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Refractor Collimation? SV70 -- How do you fix?

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#1 ks__observer

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Posted 31 May 2020 - 04:19 AM

I think I have a refractor collimation issue.

I tried increasing the spacing and it only created cross shaped stars at the corner.

My last shot from a few months ago looked pretty clean.

Not sure what is going on.

Help needed . . . . 

Link to Fits file as jpeg is a little hard to see oblong stars at corners:

https://www.dropbox...._Light.fit?dl=0

 

gallery_263201_9741_3865526.jpg


Edited by ks__observer, 31 May 2020 - 04:29 AM.


#2 james7ca

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Posted 31 May 2020 - 04:50 AM

You'll probably have to contact Stellarvue to see whether this scope even has a lens cell that offers adjustments for collimation. I think there are several different versions of the SV70 and they may not be all the same (in terms of both the optics and the lens cell).


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#3 james7ca

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Posted 31 May 2020 - 05:32 AM

I'd look at tilt in the focal plane and spacing for the reducer/flattener before I'd worry about collimation.



#4 ks__observer

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Posted 31 May 2020 - 05:53 AM

It appears in all four corners -- so i don't think tilt.
Also, my OAG stars were oblong and i rotated the OAG 180deg and still oblong. Only the reducer and OTA in front of OAG.
As noted in first post, i even adjusted the spacing outward by about 1mm and that didn't help. In fact it created cross shapes which indicates i went too far in spacing; plus i still had the radial oblong abberation, which I presume is collimation.

#5 ChrisWhite

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Posted 31 May 2020 - 06:10 AM

There is some asymmetry going on so I think there is a little bit of a tilt component, although could be caused by a miscollimated cell.  Whetver is going on it's really bad.  Even stars in the center have a slight elongation to them. 

 

When you say your last shot looked "pretty clean" is that code for... not good but not too bad?  For your last shot was it the same camera, or has anything changed in the imaging train? 

 

You can easily do a test to see if your spacing is playing a role. 

 

1) Achieve perfect focus on a center star.  Note the focuser position.

2) Now focus on a corner star.  It will probably "round out" and look much better with a little focus adjustment.  Note whether you needed to move the focuser IN or OUT to get better focus.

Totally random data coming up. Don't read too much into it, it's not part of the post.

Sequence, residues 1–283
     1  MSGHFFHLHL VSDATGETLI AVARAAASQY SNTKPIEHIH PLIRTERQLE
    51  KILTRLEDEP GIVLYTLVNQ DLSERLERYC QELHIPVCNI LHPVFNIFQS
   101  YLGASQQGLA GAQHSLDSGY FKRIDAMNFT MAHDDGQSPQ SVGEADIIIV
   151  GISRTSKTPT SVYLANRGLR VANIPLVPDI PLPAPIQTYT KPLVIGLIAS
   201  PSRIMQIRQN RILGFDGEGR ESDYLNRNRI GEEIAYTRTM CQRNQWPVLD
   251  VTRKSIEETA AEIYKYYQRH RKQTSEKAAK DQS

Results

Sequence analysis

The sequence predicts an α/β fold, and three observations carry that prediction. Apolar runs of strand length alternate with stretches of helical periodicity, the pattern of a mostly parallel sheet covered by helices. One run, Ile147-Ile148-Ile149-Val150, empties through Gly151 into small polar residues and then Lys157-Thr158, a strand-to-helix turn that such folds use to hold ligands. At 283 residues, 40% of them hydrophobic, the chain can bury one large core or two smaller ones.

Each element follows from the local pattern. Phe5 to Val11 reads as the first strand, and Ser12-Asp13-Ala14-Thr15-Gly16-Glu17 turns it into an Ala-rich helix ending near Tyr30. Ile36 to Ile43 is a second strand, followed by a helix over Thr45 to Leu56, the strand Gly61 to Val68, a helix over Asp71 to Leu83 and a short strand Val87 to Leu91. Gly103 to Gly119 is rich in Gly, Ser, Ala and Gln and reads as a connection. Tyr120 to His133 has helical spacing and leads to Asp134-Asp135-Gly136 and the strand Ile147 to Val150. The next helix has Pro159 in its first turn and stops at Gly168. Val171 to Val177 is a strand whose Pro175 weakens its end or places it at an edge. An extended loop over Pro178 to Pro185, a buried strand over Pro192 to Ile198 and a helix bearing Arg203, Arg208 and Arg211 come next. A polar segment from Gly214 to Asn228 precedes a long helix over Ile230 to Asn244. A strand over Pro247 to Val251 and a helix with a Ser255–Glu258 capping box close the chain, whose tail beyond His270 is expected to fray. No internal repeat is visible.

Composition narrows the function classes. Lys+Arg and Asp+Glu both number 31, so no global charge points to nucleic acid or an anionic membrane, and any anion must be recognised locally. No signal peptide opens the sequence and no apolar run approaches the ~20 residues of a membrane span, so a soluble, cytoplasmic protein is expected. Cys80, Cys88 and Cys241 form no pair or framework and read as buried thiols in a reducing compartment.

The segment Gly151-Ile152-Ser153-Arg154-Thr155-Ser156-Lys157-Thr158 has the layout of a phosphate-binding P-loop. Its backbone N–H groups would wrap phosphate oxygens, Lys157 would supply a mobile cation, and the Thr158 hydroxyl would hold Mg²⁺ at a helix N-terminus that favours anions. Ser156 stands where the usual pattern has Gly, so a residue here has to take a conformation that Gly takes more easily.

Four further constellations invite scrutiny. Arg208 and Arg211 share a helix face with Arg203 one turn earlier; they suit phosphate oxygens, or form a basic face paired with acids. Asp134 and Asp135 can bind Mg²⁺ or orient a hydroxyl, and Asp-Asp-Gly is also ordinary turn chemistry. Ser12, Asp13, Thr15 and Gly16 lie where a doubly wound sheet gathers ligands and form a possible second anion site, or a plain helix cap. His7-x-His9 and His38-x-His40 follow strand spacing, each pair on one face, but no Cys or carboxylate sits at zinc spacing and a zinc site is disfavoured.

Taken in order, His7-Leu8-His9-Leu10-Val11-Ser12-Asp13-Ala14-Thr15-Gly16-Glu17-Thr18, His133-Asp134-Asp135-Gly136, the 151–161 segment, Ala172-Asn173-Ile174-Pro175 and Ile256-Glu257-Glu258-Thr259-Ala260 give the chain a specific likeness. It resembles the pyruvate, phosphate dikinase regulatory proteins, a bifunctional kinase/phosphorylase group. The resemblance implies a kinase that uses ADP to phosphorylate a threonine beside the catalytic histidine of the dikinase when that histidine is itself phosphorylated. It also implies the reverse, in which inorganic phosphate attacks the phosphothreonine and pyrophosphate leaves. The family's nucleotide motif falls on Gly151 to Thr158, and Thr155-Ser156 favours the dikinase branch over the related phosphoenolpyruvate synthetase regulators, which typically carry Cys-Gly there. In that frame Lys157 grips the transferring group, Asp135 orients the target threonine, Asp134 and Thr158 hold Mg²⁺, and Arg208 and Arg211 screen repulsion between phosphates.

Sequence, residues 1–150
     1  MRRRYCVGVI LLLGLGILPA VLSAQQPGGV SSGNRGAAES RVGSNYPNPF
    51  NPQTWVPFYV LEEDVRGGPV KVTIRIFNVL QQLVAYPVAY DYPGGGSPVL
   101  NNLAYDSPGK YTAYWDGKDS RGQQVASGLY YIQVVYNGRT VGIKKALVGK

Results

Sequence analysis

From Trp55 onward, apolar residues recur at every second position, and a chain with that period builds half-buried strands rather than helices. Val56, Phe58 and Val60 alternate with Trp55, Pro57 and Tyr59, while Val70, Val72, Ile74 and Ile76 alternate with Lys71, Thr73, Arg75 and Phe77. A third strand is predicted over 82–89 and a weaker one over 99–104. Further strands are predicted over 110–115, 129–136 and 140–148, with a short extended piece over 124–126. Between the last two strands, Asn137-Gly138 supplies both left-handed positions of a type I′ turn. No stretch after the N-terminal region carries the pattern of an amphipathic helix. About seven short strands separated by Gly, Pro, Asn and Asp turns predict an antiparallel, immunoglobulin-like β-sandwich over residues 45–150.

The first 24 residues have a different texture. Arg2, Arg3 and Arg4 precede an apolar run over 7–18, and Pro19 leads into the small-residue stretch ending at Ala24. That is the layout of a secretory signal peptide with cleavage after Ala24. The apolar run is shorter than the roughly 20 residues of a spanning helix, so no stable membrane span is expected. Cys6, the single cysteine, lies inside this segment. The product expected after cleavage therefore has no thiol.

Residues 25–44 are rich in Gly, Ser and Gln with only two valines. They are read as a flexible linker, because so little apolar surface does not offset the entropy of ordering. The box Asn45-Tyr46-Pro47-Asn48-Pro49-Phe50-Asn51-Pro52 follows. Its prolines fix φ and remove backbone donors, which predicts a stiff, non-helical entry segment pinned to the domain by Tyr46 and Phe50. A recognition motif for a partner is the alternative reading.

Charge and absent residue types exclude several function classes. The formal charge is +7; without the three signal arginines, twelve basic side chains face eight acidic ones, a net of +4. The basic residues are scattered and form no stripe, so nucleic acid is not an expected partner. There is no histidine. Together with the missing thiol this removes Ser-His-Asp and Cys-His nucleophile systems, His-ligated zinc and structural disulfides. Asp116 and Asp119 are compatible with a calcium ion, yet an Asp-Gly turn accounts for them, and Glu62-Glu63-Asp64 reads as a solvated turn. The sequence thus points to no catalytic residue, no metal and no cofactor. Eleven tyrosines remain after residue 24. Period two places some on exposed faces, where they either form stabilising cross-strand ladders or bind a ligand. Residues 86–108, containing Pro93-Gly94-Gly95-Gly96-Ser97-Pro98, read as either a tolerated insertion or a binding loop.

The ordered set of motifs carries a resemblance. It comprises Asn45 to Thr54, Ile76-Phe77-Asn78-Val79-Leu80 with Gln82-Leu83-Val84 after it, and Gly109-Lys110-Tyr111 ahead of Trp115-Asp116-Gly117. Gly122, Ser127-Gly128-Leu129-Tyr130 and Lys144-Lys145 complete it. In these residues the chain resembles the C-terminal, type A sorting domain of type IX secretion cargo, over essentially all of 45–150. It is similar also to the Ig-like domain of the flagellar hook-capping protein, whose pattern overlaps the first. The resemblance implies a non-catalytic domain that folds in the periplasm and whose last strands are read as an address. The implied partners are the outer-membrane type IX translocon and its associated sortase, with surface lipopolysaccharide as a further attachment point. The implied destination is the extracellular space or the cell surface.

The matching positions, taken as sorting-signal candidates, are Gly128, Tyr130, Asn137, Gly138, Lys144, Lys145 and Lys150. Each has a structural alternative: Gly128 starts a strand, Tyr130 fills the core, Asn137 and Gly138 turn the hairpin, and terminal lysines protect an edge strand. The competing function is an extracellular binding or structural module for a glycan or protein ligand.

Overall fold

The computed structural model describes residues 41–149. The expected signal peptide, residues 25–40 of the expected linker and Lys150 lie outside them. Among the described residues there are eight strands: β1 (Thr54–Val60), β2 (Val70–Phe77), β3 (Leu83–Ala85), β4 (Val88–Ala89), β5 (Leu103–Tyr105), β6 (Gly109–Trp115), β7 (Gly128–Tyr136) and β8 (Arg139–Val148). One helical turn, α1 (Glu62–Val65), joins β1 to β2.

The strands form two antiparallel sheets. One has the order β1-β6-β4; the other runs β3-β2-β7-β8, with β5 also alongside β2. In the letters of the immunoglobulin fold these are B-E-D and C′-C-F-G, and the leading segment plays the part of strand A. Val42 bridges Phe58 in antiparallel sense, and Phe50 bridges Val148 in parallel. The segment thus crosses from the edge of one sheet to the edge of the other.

3) If you needed to move the focuser OUT to get better stars in the corner, you need to REDUCE your spacing between the flattener and your sensor.

    If you needed to move the focuser IN to get better stars in the corner, you need to INCREASE your spacing between the flattener and your sensor. 

 

Based on what I am seeing, there is a problem with spacing.  BEFORE I would start playing with adjusting a lens cell, perform this test to see if you can get it better with spacing.  I'm not saying this is the only problem you have, but I do think it is a problem that you have. 

 

I would first dial in the spacing, second look for a source of tilt and third if you have been able to dial in the previous two... start suspecting the flattener and/or the scope.

 

These issues can be maddening!  Good luck!


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#6 ks__observer

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Posted 31 May 2020 - 07:45 AM

Here is a link a to pics from prior two SV70 outings:

17 min of Lum in March 2020

2 Ha Shots from October 2019 -- I think my spacing was a little off on these

https://www.dropbox....d9Nr1NkBYa?dl=0

 

Pixel peeing I can see things are far from perfect -- but not as bad as last night.

 

Tilt:

I don't think tilt because I have the issue is at all four corners.

 

Spacing:

I don't think spacing because i added a 1mm spacer and that did not help. 

In fact I got oblong stars perpendicular to radial indicating I added too much spacing.

If you are too far in you have radial oblong stars -- stars point toward center.

Too far out you have sagittal plane oblong stars (circular pattern perpendicular to the radial lines).

 

My last two outings with my 8in Newt, I think I had very good spacing with my 55mm back-focus coma-corrector, and my APO FR is 55mm back-focus -- I only added 0.7mm for the larger thickness narrowband filter.

 

I appreciate yours and James' response :)



#7 Salty_snack

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Posted 31 May 2020 - 09:05 AM